REVIEW / The Persistence (X1)


I am a huge fan of survival horror games but rogue-likes have never really grabbed my attention until I got the opportunity to review the new game from Firesprite Games called The Persistence. Set aboard a malfunctioning deep space colony starship that has been overrun with horrific and murderous aberrations, you must explore, evade and fight your way through the bowels of the ship in order to get it back to Earth safely. On top of all of that, the starship has come precariously close to the event horizon of a black hole. You’ll need to gather resources, upgrade your abilities and fabricate an arsenal of weapons if you want to be able to survive and figure out what is going on. You will discover quickly that you are going to die a lot and that no two plays are ever the same. Are you up for the challenge?


This is where you will start the game and where you learn how dire your situation really is. Get used to this room because you will be here a lot.


If this game sounds familiar to you, there is a reason for that. The Persistence was originally released as a PSVR title in 2018 so if you have one, then you have probably come across this title. What really makes this game stand out is the fact that the levels are procedurally generated. When you die during a mission, you will return to the the current hub-point, adjust or upgrade your gear and weapons, and head back out into the fray.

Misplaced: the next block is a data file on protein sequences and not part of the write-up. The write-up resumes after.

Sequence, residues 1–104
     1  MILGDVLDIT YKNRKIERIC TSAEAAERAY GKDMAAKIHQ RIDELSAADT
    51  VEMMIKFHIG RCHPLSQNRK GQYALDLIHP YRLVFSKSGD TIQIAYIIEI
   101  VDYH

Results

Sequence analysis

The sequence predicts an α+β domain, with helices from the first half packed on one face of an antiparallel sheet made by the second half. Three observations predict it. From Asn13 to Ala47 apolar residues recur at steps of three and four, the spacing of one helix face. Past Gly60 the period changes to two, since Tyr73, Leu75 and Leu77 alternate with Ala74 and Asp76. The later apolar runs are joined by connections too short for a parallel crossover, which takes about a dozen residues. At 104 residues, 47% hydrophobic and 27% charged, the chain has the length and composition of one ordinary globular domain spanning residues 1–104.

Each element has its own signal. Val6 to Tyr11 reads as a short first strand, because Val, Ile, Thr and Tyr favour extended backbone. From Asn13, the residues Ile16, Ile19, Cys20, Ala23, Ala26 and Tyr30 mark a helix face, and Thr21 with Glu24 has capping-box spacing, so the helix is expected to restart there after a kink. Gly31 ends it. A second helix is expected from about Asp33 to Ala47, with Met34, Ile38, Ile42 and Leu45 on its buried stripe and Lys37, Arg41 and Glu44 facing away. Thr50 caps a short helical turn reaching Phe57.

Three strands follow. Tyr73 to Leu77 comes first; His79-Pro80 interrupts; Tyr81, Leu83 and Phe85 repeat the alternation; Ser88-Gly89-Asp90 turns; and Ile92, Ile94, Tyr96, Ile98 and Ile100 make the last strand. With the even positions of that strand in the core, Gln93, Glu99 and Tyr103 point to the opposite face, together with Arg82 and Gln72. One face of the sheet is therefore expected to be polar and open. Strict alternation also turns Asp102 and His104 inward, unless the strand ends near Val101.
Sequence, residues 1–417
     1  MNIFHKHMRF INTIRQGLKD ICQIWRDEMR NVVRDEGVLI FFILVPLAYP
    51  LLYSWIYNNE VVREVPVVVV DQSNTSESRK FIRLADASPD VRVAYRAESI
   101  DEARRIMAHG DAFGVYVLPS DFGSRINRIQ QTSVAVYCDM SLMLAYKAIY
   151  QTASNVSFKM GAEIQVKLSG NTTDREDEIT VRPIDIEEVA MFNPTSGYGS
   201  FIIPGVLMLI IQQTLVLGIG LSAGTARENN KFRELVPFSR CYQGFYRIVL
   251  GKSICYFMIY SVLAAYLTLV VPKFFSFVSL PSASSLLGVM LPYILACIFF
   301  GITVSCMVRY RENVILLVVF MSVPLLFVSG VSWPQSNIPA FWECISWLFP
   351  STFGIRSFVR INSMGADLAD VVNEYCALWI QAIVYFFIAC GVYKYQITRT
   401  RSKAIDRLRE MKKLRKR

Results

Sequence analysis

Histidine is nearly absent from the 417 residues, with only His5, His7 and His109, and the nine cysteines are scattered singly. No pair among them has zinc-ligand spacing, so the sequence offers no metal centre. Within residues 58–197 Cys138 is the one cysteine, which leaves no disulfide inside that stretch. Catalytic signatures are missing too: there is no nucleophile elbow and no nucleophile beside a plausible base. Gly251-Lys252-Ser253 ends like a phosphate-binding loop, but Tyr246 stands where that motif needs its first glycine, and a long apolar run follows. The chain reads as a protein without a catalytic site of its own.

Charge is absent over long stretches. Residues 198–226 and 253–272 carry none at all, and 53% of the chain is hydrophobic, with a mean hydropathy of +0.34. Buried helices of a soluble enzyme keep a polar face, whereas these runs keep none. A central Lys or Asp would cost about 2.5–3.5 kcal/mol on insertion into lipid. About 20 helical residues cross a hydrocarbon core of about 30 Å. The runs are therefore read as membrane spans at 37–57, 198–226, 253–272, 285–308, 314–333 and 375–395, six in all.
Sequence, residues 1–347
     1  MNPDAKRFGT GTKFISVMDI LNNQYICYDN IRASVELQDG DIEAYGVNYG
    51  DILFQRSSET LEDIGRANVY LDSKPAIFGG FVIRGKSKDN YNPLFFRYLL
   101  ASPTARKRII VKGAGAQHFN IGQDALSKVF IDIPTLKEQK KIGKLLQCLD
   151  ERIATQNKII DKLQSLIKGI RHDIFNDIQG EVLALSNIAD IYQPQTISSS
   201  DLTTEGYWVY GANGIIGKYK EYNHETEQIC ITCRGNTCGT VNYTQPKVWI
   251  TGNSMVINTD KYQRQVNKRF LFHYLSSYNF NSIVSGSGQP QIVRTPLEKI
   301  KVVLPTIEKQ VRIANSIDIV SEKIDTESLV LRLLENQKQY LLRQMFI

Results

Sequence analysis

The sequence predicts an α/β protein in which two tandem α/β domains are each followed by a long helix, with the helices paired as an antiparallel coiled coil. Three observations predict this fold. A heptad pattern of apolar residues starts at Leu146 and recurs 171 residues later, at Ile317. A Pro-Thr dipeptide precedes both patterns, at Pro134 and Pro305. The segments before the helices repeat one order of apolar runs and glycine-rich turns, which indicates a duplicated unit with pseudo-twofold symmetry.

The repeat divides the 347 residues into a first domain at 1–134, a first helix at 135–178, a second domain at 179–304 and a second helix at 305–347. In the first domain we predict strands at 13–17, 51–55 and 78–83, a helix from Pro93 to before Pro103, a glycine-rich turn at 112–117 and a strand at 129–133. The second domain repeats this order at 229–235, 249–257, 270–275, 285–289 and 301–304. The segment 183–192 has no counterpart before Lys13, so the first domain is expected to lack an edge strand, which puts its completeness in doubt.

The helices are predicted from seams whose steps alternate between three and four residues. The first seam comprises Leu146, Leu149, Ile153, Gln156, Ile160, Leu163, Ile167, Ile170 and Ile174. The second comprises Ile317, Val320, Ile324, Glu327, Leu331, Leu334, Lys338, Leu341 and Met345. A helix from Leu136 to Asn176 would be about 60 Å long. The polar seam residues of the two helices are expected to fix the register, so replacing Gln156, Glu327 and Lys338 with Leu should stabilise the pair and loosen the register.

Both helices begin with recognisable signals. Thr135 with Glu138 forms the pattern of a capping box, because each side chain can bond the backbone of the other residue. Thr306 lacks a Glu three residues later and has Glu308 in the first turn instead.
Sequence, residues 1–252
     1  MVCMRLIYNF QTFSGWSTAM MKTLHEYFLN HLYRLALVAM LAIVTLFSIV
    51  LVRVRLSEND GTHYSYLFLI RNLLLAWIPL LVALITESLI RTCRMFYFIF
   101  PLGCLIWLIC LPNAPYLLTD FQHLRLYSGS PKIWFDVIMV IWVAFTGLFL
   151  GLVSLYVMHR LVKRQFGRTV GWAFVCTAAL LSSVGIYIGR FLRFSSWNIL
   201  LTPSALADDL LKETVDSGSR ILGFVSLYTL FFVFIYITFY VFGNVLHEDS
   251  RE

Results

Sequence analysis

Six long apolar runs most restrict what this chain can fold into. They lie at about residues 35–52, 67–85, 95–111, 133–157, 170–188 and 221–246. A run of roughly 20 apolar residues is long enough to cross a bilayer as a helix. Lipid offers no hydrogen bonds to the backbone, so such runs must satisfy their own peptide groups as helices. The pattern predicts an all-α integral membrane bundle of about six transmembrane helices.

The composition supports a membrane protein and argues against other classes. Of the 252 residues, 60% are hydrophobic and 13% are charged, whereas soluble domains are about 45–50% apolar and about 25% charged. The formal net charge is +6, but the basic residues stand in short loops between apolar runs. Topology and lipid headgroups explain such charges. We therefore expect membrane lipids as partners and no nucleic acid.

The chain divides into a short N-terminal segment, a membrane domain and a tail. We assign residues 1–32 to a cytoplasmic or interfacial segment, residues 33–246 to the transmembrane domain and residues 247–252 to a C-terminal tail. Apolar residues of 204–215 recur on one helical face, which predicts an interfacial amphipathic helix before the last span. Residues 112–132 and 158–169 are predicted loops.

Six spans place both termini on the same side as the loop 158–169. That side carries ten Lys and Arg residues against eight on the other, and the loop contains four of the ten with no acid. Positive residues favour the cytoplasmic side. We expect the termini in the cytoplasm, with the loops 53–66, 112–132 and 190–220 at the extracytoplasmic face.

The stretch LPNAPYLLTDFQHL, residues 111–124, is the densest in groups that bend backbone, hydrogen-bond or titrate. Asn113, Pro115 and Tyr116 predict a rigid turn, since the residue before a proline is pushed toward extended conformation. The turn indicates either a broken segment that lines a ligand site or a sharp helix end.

In order to create the levels and have them be different each time, the game is able to choose from a number of ship sections from brightly lit corridors, dark storage rooms, crew quarters with flickering lights, just to name a few but they are placed together each run in a way that makes it feel fresh, because it is. I’ve played a lot of games that purported to have so-called “procedurally generated” levels but this is the first one that really nails the presentation in a way that is integrated very well with the story and makes total sense as to why a spaceship can change its configuration at will.


It is imperative that you don’t allow yourself to be surrounded or you will be starting your game over.


As I mentioned earlier, you are going to die…a lot. So, each time you do, the aboard A.I. will 3D print you up another body and off you go. However, the same technology that is being used to revive you is also the same one that is creating the abominations that are infesting the ship. At this point, you can use the time to upgrade things like your weapons, armor and the gear.

You can purchase grenades, guns and other weapons to fit your play-style and to give yourself as much of an edge as possible because you never know what is out there waiting for you. In addition, you can upgrade your health and other abilities so that you are fully prepared for whatever the ship throws at you.


You have a bit of a force field that you can use to repel and stun the enemies so that you can land a well-placed blow.